But, we know very little about this card, and considering that it was the last card of the initial launch lineup of the RTX 3000-series to hit the market, we could see something similar here, with the RTX 4070 being announced tomorrow but not actually released until late November at the earliest.
So Videocardz just “leaked” the Nvidia RTX 4090 (opens in new tab) , and there’s at least something going for it, namely the new font branding that I brought up in my RTX 4080/4090 piece. That said, that pic looks Photoshopped to heck and back.
Yeah, the more I look at it, this RTX 4090 “leak” is fake as all heck.
That is a horrible picture, with the sharpness of the card and the sharpness of Jensen Huang being radically out of step. If this is a legit picture, it is some whack multiverse nonsense that Nvidia is trying to make happen, which even as ridiculous as multiverse stuff being what it is, this is just too crappy to pass. This is a reddit Photoshop fails-level of crap.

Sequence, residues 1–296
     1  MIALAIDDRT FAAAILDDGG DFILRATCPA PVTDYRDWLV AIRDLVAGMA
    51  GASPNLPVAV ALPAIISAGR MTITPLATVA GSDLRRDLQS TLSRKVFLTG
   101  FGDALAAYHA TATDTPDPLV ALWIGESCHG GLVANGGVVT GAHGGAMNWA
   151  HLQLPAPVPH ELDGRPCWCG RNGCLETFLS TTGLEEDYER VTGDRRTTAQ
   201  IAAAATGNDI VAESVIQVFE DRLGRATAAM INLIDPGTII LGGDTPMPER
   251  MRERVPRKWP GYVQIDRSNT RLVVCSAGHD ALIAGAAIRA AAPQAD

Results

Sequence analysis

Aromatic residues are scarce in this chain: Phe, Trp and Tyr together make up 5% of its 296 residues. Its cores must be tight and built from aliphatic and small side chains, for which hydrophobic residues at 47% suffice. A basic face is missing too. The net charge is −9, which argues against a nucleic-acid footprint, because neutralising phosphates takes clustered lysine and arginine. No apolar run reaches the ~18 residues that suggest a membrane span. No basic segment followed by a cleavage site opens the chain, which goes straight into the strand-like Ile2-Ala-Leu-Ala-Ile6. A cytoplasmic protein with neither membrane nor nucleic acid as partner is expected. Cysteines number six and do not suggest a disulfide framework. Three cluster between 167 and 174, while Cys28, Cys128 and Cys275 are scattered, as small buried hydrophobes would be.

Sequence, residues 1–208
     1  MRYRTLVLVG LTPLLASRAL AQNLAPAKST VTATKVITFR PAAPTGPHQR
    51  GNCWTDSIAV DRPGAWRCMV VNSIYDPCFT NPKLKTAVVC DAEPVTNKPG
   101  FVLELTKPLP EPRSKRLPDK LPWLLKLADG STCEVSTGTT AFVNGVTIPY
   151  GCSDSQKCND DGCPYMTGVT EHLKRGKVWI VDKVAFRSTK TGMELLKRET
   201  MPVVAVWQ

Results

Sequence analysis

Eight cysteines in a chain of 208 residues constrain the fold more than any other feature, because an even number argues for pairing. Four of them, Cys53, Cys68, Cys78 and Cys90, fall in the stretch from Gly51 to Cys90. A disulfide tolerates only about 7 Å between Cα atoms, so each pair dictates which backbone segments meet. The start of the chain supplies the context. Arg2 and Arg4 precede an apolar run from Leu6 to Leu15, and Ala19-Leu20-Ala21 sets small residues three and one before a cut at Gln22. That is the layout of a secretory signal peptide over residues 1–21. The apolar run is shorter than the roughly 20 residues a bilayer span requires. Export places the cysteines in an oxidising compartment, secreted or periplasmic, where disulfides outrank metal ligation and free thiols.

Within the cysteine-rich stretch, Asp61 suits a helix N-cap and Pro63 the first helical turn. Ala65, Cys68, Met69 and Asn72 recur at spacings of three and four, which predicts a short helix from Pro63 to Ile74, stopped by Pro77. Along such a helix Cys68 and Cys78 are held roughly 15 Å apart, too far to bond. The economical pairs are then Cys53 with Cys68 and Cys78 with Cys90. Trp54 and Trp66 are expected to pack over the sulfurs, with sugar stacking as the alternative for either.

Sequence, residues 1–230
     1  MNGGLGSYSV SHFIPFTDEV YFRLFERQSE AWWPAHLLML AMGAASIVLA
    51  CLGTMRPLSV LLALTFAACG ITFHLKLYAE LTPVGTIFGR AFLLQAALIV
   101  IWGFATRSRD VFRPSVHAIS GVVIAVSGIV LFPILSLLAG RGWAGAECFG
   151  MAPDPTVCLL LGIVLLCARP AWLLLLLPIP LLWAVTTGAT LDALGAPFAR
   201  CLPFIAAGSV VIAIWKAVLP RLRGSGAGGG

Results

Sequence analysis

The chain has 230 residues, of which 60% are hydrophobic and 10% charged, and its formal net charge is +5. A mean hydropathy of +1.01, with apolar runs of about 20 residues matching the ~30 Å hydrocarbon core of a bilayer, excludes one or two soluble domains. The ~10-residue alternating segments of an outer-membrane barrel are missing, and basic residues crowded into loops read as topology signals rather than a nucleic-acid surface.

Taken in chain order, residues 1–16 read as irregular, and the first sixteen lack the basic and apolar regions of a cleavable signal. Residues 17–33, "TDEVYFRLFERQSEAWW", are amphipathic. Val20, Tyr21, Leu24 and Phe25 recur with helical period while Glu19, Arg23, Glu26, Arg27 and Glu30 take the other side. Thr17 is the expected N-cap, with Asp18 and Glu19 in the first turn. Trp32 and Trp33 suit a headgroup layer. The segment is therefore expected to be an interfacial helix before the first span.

Honestly, that RTX 4090 picture is so bad, I’m knocking Videocardz down a peg as a source for even posting this. That pic is awful.
Honestly, WTAF Videocardz?
WHERE ARE JENSEN’S FINGERS???
And, with all that, we’re going to take a brief hiatus while the Uk wakes up and TechRadar’s UK team takes over the live blog.
That said, I don’t want the moment to pass that I don’t mention that Queen Elizabeth II passed away two weeks ago. Clearly, I’m an American, so the Queen’s passing doesn’t much concern me, but a UK colleague told me today that the feeling was as if President Joe Biden went on the TV this morning and said that the US flag was going to be different from that moment forward, for better or worse.
Does it matter in any real way going forward? Not really, no. But it obviously does.